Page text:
Demystify your electric bill with a home energy audit
For many people, electric bills are a bit of a mystery. You always remember to turn off the lights when you leave the room, so why is your bill so high?
The first step to demystifying your electricity bill, and hopefully reducing it, is to take stock of where you use the most energy.
Capital Electric Cooperative (CEC) is happy to provide members looking to reduce their monthly electric bill with a free basic home energy audit.
The process is simple.
First, a CEC employee will examine a member’s energy usage for the past year to determine if the household is using excess energy.
“Then, we’ll ask some questions about their home and the appliances they are using, and we may make some recommendations over the phone,” says Energy Services Manager Josh Schaffner, CEC. “We’ll follow up within a week and look at the difference. If its not where we expected it to be, we’ll visit the home.”
During the home visit, a CEC employee will do a visual inspection and a thermographic scan.
“We’ll walk around the home to see if we can see anything that might be causing the problem. Then, we’ll open up the electric panel and use our amp clamp to test every single circuit. In some cases, something is running, and they aren’t aware of it,”
Schaffner says they’ve found a lot of interesting things on home visits.
“We found a septic lift pump that was failing. The switch was left on, and it was running continuously. We also found an issue on one of our farming accounts. The member had a series of grain bins with dryers, and each of the dryers had underground
power lines running to them. One of them was partially grounding and drawing power into the ground. It didn’t occur all the time, but then the ground was saturated, it would draw. He was losing a couple hundred dollars a month into the ground.”
But, Schaffner says, more often than not, there isn’t a major problem. He recommends making a few simple changes that can result in a lower electric bill.
Heating and Cooling
Heating and cooling takes up the largest chunk of your monthly energy bill, but cutting back doesn’t have to mean being uncomfortable.
Schaffner recommends cleaning or replacing heating, ventilation and air conditioning (HVAC) filters regularly to keep the systems running efficiently. Dirty filters make your system work harder and run longer than necessary.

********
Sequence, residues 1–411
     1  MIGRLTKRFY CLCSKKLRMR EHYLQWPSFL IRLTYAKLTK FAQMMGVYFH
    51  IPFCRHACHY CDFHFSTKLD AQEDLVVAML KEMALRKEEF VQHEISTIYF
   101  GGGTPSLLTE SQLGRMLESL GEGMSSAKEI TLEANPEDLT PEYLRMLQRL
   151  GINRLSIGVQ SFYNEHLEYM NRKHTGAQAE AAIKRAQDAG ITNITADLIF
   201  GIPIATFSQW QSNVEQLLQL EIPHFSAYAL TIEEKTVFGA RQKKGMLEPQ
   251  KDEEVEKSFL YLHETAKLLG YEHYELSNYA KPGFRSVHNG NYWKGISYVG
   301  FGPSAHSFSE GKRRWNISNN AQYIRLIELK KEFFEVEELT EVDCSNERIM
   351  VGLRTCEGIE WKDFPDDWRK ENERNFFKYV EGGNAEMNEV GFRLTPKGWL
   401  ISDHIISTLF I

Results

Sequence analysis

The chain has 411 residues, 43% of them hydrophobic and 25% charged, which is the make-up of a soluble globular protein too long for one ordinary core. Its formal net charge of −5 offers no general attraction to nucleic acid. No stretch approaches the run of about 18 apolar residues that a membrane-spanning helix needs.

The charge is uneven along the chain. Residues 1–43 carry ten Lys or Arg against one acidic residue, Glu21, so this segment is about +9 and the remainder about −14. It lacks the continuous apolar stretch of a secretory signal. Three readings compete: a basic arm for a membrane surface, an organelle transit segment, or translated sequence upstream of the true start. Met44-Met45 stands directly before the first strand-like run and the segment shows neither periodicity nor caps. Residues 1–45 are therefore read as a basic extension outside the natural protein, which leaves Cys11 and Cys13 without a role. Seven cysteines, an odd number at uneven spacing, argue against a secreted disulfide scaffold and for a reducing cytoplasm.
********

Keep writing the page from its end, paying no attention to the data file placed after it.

Schaffner also advises against using space heaters, which can cost up to $85/month to run.
“Instead, we encourage members to use a baseboard or a cove heater or something that can be hard-wired in, so they can get a discounted rate on it.”
Keeping the blinds open in the winter and closed in the summer can also reduce the burden on your HVAC system.
According to the Lawrence Berkeley National Laboratory, a typical American home has 40 products that are constantly drawing power, even if they’re not in use. This is responsible for 10% of your electricity use.
Energy vampires, like your phone charger, computer and coffeemaker, can cost the average household $100 per year and should always be unplugged or put in sleep mode when not in use.
Lighting accounts for about 12% of a typical residential utility bill.
Schaffner advises members to swap out incandescent light bulbs for LEDs and always turn off the lights when they are not in use. Replacing old incandescent bulbs with LEDs has a much quicker return on your investment now than ever before. In the past 10 years, the cost of LED bulbs and fixtures has dropped more than 85%.
Another way to conserve energy is to control outdoor lights with a timer or photocell to assure dusk-to-dawn only operation.
Schaffner also offers these energy saving tips for the home:
• Don’t peek in the oven while baking. Every time you peek, the temperature drops 25°F.
• Turn off the oven a few minutes before cooking time runs out. Your food will continue to cook without using the extra electricity.
• Clean refrigerator coils.
• Use dishwashers and clothes washers/dryers at night. This will help keep the house cooler during peaks.
• Wash your clothes in cold water.
• Install low flow shower heads.
• Seal cracks, gaps and leaks and add insulation. This can save up to 10% on home heating and cooling costs.
• Check and replace weatherstripping on windows and doors.
• Put insulation kits on outside wall light switches and outlets.
To schedule your home energy audit and learn about ways to lower your electric bill, call Josh Schaffner, (701) 712-7920, or Jared Nygaard, (701) 712-7922. CEC also offers energy and cost saving options for commercial accounts.